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I used to think I was being intentional. I thought I was living life on purpose. But then I experienced the ministry of Young Life. The way this organization functions and does ministry is the definition of intentionality.

I still remember the moment it all clicked for me. I was in a leadership class for Young Life staff, and they were explaining why we do Young Life club the way we do. It typically starts with kids running into the room through a tunnel of people getting high-fives and pats on the back, all to the soundtrack of a fast, high-energy song. Immediately following is a big group game that includes everyone, a skit to make the kids laugh, a slightly slower song, a smaller game, then an even slower song, another small game, and finally a Christian song right before the talk. Every piece of this has a purpose. We want them to move from the hype and going with the flow to a place where they can focus on what’s happening in that moment. All of it intentionally giving them the opportunity to hear the Gospel in a way they can truly understand.

What if we were truly intentional every day of our lives? What if we looked at our day-to-day and decided to live in a way that ensured we gave every possible effort? Life is so short; let's talk for a few about how we can make the most of it.


I like to think of life as a road trip. There's a starting point and a hopeful destination in mind. There are fun, crazy times when the windows are down, the music is up, and the pedal is to the floor. Other times it might be long and boring, where everything seems to be in slow motion. There's always a chance that something bad could happen, like an accident or mechanical issues. Sometimes there's no way to tell what comes next, and it's not always up to you. So what happens when something goes wrong?

For the past fifteen years or so—ever since I started driving—my brother has been my official mechanic. Living in Texas has made that more difficult, but every time I go home to Alabama, he takes a look under the hood. He’s really good at what he does. His ability to pinpoint a problem and fix it really amazes me. Even though I don't understand how it all works, I genuinely enjoy being beside him under the hood, or completely under the car, watching and trying to pick up on what I can. Still, no matter how hard I try, I generally struggle with understanding what is going on.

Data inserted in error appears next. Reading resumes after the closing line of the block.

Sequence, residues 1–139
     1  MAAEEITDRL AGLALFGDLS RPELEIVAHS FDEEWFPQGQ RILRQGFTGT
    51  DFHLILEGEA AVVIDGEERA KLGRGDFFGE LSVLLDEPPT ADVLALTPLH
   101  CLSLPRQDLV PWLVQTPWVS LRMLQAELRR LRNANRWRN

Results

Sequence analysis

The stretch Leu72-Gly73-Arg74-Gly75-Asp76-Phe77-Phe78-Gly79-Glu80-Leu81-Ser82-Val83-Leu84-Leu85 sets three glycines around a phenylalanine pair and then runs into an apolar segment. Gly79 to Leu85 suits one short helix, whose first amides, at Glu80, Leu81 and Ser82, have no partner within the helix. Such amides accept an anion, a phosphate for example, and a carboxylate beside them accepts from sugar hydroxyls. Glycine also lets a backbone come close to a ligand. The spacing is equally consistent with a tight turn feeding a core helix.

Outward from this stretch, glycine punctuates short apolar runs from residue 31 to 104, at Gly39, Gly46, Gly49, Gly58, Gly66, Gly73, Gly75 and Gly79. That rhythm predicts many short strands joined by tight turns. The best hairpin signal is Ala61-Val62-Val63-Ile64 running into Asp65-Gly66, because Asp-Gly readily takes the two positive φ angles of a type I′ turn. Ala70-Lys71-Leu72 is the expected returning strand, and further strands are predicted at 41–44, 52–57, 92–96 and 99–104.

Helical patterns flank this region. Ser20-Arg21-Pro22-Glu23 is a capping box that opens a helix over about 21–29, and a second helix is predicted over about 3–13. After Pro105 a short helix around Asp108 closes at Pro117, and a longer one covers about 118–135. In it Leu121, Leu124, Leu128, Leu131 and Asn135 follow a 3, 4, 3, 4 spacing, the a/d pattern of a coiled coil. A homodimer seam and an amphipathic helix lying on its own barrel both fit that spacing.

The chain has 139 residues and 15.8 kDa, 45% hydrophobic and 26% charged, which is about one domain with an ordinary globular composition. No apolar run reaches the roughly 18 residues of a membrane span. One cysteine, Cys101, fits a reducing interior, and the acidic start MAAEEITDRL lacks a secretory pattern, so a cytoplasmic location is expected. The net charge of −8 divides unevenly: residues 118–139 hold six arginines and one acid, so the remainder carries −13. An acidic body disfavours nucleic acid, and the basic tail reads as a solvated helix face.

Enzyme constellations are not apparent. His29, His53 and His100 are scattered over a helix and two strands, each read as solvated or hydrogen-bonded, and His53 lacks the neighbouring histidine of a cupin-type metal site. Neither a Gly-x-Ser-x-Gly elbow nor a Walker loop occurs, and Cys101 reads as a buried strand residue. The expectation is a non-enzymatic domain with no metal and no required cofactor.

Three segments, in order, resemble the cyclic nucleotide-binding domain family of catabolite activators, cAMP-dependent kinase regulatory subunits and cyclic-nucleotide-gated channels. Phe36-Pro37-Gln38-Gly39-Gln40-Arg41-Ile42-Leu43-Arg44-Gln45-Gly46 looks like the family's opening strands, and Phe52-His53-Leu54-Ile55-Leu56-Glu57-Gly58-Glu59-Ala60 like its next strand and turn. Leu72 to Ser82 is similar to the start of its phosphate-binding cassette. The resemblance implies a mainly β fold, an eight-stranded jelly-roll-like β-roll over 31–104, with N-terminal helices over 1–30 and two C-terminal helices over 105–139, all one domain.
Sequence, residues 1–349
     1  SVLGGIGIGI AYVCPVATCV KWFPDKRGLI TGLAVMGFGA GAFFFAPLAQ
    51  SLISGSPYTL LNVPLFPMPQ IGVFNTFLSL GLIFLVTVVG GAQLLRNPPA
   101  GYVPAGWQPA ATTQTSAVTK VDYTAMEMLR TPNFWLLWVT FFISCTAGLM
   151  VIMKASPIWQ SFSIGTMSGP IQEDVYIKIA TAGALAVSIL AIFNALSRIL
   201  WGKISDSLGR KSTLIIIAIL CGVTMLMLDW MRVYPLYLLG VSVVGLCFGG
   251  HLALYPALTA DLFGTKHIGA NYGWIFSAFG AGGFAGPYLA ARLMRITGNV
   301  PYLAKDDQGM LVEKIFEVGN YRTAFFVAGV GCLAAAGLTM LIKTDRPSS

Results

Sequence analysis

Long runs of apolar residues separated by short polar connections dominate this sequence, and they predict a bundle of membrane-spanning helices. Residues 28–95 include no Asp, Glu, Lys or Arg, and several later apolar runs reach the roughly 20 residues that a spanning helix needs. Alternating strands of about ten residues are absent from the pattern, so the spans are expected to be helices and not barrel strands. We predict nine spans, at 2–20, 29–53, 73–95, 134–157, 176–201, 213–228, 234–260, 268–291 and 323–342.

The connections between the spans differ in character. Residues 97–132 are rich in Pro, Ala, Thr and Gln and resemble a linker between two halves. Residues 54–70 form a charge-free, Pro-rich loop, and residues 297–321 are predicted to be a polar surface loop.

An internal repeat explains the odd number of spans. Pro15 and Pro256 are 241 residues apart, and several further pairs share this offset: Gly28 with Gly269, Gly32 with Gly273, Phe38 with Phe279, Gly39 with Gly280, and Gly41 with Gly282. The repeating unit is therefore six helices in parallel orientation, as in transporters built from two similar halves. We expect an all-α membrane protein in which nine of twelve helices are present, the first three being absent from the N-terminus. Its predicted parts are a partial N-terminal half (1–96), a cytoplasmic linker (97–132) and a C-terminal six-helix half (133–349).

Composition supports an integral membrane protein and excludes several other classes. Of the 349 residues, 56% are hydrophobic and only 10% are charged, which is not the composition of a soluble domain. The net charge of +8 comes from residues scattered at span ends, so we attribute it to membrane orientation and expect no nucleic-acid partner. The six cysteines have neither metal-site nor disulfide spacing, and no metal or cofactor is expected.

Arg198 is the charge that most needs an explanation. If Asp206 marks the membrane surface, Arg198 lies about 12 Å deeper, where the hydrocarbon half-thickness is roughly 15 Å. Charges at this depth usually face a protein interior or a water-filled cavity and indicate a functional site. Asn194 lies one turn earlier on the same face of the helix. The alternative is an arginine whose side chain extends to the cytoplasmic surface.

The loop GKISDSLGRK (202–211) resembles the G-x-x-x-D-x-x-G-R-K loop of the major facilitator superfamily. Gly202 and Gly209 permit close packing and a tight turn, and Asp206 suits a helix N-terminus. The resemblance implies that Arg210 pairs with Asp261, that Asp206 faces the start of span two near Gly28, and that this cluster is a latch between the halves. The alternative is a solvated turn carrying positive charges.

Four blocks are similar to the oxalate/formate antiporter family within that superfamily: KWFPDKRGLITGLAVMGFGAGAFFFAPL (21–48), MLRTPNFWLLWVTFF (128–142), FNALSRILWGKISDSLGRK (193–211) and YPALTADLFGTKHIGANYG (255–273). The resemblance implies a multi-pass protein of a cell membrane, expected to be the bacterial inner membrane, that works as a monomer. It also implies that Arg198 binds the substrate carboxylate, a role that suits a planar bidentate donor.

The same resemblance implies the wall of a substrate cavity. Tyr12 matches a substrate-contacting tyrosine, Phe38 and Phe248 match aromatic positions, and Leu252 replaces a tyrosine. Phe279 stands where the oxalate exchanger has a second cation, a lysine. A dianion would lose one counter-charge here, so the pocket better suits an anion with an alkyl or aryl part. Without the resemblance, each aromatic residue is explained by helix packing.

In the same way, sometimes life is complicated and we can't understand why things are the way they are. Why did this happen to me? Why did the car break down? What do I do now?


I'll be the first to admit that not knowing what to do is scary, and it can easily make you feel hopeless. However, being intentional about how you prepare for the road trip of life can certainly help in easing your mind when unexpected things happen.

The first and most important step is realizing you are not in control. You literally can't trust yourself or rely on your own feelings. All our hope, all our trust, must be in Jesus. He is the driver AND the mechanic. Taking this step requires you to be intentional. You don't “accidentally” trust Jesus with your life; it’s on purpose. It takes you and me waking up every day and making the decision to follow him again, and again.

"...not knowing what to do is scary, and it can easily make you feel hopeless."


I’ve made the drive from Huntsville, Alabama, to Dallas, Texas, more times than I can remember. However, a few years back, I made a crucial mistake…because I was distracted.

Right after passing through Meridian, Mississippi, the road splits into I-59 south and I-20 west. It’s pretty subtle, and there isn’t a lot of signage. Cruising at 80 mph in the left lane (like I normally do), I missed it. The first indicator was that the sun was no longer in front of me but to my right instead. Looking for road signs to give me some direction, I realized I had made a big mistake. Somewhere along the way, I made a course adjustment that guaranteed not to land me in Dallas. I thought I was heading home, doing the right thing, but I was wrong.

If you don't live intentionally, then you might think you're going in one direction when, really somewhere along the way, you varied your course. You’re now headed to a remarkably different place than you originally intended—all because you got distracted and lost focus.

Here's the bottom line: life shouldn't just happen to you. You should be proactive as much as possible, trusting that the Lord has complete control of your life. Living intentionally is setting goals, making plans, implementing those plans, and with hope, reaching those goals. But it won’t be by accident. It’s not a New Year’s resolution, or something you only evaluate on a monthly basis. It's an everyday kind of thing.

Until next time.



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